Relative Pronouns (KS2) Explained For Parents

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Image © Arthur Krijgsman

If your child needs a little extra help getting the hang of relative pronouns, this is the article for you.

From adverbial clauses to spelling rules, teaching methods have changed so much since we were in school and so many new terms have popped up, that we could all use a little refresher now and then. This quick guide to will talk you through the basics of what relative pronouns are, how they're used, and what your child needs to know.

What Is A Relative Pronoun?

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Image © VisionPic

Relative pronouns are words that refer back to a noun which has already been used, and introduce a subordinate clause that gives more information about the noun. These subordinate clauses are called relative clauses (or sometimes adjective clauses). Like all subordinate clauses, they are phrases that give extra information about a noun but which do not make sense when separated from the rest of the sentence.

Example: Femi had a new bag, which was purple.

Here, the phrase 'which was purple' does not make sense on its own, which means it is a subordinate clause. The phrase 'Femi had a new bag' does make sense on its own, making it the main clause.

The word 'which' refers back to the noun 'bag', making it the relative pronoun in this example. The phrase 'which was purple' gives us more information about the bag.

What Are The 5 Relative Pronouns?

There are five common relative pronouns in English: 'who', 'whose', 'whom', 'which' and 'that'. Other words, like 'what', 'when' and 'where', are also sometimes included, but the five listed above are the main ones your child will need to know in KS2 English. Here's a quick breakdown of when we'd use each one.

Table of the five relative pronouns, their uses and examples.

Using Relative Pronouns

As we saw above, we use pronouns at the start of relative clauses. These are the clauses in a complex sentence that add more information about a noun. There are different ways this type of clause can work. An embedded clause adds information part-way through sentences. Below is a sentence with an embedded relative clause:

Example: Craig, who was teaching his sister to read, opened the book.

The extra information, beginning with 'who', appears part-way through the sentence. There are commas before and after it, to show that it is a separate clause.

When using relative clauses, we sometimes use an omitted relative pronoun. This means that we don't need to write out the pronoun before the clause. This happens most often when using 'that'.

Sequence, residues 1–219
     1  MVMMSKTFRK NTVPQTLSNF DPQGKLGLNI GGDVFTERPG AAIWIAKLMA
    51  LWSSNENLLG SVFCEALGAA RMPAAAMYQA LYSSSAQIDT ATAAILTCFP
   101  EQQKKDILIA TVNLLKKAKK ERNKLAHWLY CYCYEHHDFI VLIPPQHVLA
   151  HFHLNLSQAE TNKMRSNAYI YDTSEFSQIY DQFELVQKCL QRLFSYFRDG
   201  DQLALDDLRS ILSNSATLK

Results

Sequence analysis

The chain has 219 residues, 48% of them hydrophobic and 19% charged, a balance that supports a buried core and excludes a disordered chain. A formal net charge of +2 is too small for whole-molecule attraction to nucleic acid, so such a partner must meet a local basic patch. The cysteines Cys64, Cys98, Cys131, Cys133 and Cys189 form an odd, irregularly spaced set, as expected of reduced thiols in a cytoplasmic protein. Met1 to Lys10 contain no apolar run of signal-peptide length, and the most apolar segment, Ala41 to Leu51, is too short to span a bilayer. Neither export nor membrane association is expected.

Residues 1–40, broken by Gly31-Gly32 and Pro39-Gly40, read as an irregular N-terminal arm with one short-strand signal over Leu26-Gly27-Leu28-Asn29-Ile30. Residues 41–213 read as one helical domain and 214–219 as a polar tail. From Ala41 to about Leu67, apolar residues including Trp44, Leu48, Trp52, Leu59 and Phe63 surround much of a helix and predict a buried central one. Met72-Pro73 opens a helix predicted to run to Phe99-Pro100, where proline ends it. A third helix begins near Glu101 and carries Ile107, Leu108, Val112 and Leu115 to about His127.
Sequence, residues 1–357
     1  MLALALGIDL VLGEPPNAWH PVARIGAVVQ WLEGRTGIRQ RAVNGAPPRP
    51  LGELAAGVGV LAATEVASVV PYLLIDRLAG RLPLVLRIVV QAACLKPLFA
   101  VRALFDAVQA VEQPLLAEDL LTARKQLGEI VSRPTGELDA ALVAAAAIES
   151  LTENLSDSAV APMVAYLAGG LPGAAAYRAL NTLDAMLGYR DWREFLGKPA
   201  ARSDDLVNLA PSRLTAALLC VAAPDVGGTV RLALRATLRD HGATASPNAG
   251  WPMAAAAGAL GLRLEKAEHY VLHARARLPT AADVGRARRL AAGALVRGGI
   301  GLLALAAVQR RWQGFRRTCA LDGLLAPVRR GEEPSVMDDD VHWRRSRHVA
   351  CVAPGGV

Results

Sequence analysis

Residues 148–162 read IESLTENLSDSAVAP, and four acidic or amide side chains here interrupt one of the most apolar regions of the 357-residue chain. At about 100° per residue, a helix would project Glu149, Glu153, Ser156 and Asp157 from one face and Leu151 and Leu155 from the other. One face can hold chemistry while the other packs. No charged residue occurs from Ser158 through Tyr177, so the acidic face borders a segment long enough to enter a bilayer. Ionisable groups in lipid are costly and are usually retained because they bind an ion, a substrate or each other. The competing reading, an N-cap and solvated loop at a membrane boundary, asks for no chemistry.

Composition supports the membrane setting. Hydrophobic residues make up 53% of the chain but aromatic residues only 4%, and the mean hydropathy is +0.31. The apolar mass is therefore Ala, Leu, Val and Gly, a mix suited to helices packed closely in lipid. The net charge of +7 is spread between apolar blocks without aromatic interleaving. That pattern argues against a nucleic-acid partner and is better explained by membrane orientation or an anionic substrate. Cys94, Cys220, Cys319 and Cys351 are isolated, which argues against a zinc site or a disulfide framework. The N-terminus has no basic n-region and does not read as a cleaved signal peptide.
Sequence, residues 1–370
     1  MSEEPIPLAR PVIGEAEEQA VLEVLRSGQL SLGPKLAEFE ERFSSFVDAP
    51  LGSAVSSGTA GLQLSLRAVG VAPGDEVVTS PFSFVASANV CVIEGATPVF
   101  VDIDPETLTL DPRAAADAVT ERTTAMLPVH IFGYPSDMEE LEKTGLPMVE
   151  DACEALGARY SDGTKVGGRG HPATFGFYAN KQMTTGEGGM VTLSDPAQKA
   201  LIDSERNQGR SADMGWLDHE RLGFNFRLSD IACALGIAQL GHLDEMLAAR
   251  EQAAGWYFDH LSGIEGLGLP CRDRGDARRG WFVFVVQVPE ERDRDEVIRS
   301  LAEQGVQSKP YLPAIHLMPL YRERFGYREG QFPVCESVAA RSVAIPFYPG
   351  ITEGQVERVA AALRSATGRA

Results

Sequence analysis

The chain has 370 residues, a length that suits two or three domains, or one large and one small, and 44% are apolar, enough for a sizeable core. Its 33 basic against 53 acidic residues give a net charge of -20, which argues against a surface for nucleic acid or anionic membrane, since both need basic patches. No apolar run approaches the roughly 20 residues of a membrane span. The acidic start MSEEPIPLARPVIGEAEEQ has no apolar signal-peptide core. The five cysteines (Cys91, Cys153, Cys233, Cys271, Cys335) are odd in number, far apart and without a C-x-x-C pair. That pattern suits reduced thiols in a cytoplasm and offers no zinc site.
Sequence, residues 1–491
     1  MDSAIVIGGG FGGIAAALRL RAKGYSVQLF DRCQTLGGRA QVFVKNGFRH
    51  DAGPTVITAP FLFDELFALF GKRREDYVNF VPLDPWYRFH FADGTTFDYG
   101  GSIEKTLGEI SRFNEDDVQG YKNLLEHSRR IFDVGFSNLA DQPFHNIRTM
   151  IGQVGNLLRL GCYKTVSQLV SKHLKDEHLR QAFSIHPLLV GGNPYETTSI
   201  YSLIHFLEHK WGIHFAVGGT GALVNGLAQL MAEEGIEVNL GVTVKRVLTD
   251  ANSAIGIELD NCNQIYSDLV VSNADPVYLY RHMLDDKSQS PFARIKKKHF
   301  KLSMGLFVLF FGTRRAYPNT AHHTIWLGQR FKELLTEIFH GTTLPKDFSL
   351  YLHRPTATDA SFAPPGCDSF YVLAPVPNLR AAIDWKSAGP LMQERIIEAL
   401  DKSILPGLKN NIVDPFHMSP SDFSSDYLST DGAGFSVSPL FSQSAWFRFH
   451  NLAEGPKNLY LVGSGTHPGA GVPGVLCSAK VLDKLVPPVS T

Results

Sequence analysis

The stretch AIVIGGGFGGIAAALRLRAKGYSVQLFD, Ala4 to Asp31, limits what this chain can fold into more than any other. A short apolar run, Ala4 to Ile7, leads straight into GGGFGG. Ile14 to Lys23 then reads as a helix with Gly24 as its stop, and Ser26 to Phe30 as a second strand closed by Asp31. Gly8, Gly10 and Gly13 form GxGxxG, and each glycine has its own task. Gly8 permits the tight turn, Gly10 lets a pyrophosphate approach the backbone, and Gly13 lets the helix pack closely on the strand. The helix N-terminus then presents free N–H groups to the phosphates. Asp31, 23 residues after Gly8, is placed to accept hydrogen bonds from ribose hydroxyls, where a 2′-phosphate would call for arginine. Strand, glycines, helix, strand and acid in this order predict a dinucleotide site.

For Example: Did you find those photos that you lost?

Is The Same As: Did you find those photos you lost?

In these two sentences the meaning stays the same. The second is a little more informal because of the omitted pronoun, but is still grammatically correct.

What Do Children Learn About Relative Pronouns?

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Image © Andrea Piacquiado

Although relative pronouns don't appear on the English National Curriculum until Year 5, children will have started to learn about other types of subordinate clauses as early as Year 2. As they progress through Year 3 and Year 4, children will grow more comfortable with using different types of subordinate clauses, such as adverbial clauses. Since relative clauses are a type of subordinate clause, this early teaching of complex sentences will form a solid base for them.

In Year 5, children will be formally introduced to relative pronouns and clauses, although by then most children will have come across them in their reading already. Some children may naturally start to use them in their writing simply from reading and imitating, while others may need a bit more encouragement to become confident. In Year 5 English lessons, they'll be expected to learn their definition and usage as well as being expected to identify omitted relative pronouns.

Tips And Tricks

We've said it before, but one of the best ways of teaching children anything is working through examples and giving them plenty of practice. Since there are only five main relative pronouns, your child should be able to memorise them fairly easily.

A quick search will turn up plenty of resources and worksheets to help your child practice. If you don't have a printer, there are some easy ways to give kids practice anyway.

One way of teaching children to identify these words is by giving them a list of relative pronouns (who, which etc.) and getting them to search for places they appear in a paragraph of text, for example from their reading book. Another way is to give them a simple sentence, like 'Lena walked to school', and ask them to add in a relative clause. Or, get them to play a game where they see who can make the most imaginative relative clause, or who can fit the most relative pronouns into a paragraph they're writing.



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